Case in point: last night, I went to one of my long-neglected staples, red beans and rice, Creole-style. Sadly, I was out of tomatoes and andouille, so I made do with ground beef and tomato soup. I cooked the beans in my instant pot and cooked the ground beef on my stove. I then mixed the beans and ground beef (both drained) in my instant pot with the tomato soup and an assortment of spices. It came out so good that there weren’t really any leftovers. If there had been, I was planning on using tortillas to make burritos. I was both very pleased and mildly irritated that my ad hoc recipe worked well enough not to leave leftovers.

Another example is chili. I can make a pot of chili stretch for days, and it actually tastes better if you give it a day or two to let the ingredients get to know each other really well. (I also have a surprising secret ingredient that gives my chili a pleasing, unexpected depth of flavor, but I’m keeping it to myself for now.)

If I ever write a cookbook, I’m calling it “Reasonably Edible,” because that’s the baseline for good food in my house. I do my best to use what I have on hand to bring recipes to life, and I often have to tweak things based on what ingredients I have on hand. My goal is to fix food that is nourishing, filling, tasty, and affordable.

Another important skill I’ve learned is hand sewing. My stitches aren’t always pretty, but they’ll hold. I used part of the first COVID stimulus payment to buy a sewing machine because I went blind in my right eye, and threading a needle is considerably harder when one no longer has any real depth perception and one’s “good” eye doesn’t have very good visual acuity. I haven’t touched it yet because the bulk of my day is spent wrangling a very curious toddler, and I’m scared she’ll swallow a needle or sew her hand.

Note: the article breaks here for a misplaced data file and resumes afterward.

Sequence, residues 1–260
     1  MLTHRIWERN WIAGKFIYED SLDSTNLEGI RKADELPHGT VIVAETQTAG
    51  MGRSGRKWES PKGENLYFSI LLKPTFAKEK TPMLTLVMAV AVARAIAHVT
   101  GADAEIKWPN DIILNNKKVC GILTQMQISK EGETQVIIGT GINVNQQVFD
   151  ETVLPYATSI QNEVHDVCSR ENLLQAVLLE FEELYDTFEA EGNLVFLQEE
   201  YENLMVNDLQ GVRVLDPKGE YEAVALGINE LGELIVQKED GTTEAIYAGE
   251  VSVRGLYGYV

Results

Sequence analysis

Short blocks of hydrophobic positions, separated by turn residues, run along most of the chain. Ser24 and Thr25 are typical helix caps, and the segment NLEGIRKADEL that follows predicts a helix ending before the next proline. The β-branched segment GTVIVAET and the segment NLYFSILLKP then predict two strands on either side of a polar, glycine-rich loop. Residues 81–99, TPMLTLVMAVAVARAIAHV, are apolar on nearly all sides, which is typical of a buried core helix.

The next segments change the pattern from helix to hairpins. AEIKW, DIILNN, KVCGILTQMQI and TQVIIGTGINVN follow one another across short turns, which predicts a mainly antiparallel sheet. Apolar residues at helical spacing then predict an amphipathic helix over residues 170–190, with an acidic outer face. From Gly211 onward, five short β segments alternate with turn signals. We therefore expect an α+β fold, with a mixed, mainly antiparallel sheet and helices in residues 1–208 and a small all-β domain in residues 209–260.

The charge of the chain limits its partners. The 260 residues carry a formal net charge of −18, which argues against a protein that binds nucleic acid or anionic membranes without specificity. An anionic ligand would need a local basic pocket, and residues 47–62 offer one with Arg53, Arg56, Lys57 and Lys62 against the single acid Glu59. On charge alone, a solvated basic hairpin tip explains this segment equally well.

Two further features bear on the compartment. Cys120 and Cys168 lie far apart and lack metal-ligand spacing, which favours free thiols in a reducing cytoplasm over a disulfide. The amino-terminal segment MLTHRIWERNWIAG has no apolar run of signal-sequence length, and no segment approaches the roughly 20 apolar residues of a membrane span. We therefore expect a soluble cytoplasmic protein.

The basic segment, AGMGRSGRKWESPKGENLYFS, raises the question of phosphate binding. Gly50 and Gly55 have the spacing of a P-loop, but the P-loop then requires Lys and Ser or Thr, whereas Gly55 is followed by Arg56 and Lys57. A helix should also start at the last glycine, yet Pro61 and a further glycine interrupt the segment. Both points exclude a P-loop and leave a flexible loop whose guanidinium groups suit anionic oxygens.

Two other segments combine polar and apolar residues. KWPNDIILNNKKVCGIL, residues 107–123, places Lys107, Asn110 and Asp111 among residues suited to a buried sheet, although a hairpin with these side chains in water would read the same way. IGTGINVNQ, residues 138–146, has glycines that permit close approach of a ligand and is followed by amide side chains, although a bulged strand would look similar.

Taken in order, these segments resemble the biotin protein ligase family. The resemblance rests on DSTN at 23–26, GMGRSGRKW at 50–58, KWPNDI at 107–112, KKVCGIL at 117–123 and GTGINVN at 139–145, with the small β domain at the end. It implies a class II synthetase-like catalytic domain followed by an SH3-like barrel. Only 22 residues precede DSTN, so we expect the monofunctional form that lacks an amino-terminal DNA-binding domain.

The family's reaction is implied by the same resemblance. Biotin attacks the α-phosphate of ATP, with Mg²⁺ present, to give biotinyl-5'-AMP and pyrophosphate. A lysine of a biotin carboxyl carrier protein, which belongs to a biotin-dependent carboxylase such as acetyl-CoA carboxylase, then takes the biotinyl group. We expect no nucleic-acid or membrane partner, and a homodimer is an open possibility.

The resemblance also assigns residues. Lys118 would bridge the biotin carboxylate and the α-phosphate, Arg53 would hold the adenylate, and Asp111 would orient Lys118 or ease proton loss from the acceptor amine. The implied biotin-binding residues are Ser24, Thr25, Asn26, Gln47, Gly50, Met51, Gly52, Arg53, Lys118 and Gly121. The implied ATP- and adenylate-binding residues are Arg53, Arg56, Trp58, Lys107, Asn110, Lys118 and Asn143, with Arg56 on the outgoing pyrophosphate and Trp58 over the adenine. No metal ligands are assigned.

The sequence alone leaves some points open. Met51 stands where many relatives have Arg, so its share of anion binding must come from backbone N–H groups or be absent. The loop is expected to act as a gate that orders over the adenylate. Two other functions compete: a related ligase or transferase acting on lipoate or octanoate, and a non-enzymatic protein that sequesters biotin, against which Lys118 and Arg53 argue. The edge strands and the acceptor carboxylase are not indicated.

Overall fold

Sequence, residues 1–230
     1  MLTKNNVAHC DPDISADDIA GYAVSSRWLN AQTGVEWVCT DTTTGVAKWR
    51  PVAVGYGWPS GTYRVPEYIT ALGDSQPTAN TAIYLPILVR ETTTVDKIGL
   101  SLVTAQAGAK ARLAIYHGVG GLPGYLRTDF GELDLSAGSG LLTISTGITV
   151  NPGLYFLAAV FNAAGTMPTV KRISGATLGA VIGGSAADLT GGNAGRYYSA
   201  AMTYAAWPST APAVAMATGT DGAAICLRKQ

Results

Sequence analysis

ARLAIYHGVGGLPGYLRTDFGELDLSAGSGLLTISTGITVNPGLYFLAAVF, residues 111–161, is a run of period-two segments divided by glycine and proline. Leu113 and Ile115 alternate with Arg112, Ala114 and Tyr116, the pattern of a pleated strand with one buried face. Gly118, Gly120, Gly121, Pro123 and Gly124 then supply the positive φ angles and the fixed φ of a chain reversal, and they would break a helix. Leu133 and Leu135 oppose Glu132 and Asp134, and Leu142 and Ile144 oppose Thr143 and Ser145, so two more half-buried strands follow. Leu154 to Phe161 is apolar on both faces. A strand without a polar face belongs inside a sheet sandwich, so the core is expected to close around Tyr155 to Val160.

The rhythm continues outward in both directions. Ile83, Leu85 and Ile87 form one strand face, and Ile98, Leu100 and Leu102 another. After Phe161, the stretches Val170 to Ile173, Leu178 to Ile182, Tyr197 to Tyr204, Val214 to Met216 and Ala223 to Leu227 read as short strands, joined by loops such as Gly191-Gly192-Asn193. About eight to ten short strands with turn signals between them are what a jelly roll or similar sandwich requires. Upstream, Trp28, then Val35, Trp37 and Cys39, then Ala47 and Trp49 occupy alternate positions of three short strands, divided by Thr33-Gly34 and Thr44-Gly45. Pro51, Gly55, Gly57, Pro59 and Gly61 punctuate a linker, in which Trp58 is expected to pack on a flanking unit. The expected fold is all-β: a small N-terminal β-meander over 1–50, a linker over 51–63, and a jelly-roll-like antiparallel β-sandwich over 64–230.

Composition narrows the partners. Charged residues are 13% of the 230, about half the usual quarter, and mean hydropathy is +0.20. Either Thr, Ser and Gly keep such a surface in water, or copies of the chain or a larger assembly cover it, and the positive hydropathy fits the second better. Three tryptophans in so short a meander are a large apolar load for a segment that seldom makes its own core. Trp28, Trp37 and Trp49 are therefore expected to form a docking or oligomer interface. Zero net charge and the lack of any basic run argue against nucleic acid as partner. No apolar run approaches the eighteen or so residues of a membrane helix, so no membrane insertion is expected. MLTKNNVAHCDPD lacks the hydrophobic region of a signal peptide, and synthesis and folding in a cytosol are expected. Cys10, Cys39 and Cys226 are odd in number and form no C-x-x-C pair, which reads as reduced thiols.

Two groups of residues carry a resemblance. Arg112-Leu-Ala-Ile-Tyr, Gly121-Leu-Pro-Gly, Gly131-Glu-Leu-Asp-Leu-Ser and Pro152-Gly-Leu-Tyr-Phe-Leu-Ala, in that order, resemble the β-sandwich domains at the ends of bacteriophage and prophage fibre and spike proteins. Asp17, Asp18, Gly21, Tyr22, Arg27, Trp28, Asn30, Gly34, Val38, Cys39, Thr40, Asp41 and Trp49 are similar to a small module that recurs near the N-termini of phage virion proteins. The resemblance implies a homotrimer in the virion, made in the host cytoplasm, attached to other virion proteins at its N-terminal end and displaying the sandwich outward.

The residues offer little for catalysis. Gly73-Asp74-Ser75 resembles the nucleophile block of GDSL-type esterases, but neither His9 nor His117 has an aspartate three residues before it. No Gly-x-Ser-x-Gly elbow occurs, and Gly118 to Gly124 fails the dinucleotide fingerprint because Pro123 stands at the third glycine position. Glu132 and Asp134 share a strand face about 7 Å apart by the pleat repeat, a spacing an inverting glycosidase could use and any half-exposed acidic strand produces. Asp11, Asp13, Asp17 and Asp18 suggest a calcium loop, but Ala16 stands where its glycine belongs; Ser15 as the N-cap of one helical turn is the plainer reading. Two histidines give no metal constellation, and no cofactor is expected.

Basic plumbing is another important skill for a poor person to have. If you know how to get a hairball out of your tub drain, clear a clog, or install new flushing hardware on a toilet correctly, you can save yourself a ton of money. The bigger stuff needs to be done by a professional, of course, because an untrained person messing with pipes will likely end in a bigger mess, but the minor stuff is easily handled by anyone who can learn from someone who has experience fixing stuff like that.

Auto skills like being able to change your own oil and change out a flat tire are also important, but with new rules in most areas regarding doing automotive maintenance at home and distracted drivers, it’s probably best to rely on professionals for help.

As a person doing her best to claw her way out of poverty, my best advice to you is this: learn from people who have skills in various areas from cooking to home maintenance. If you can do things well yourself instead of having to hire a professional or spend tons of money on premade food, you’ll be able to stretch your dollars further than you thought possible (And when you’re stuck living paycheck to paycheck, every penny saved matters a lot.)


A Pain in the Royal High Ney

My oldest, Sam, collects LOL Surprise dolls. They’re cute, and the way they’re packaged captures the fun part of unwrapping something and discovering what’s inside.

The second LOL Surprise Sam got when she first started collecting them was a opulently dressed doll named Royal High Ney.

And boy, was she ever!

Naturally, Sam loved this cute little tribute to the opulence of 18th century French royalty and took her EVERYWHERE. Unfortunately, this constant companionship led to Royal High Ney I being lost in the Missouri Botanical Gardens during the Japanese Festival of 2017. After many days of calling to check if Royal High Ney had been turned in, I decided to buy a new Royal High Ney off of eBay.

Royal High Ney II arrived with a little parasol and a note that she had a great time at the Japanese Festival, but she had gotten lost and had to make her way back home. Royal High Ney II joined all of the other LOL Surprise dolls, and they had lots of fun and adventures.

…and then our house burned down in the early hours of April 13, 2019. Royal High Ney was lost once again, along with all of Sam’s other LOL Surprise dolls.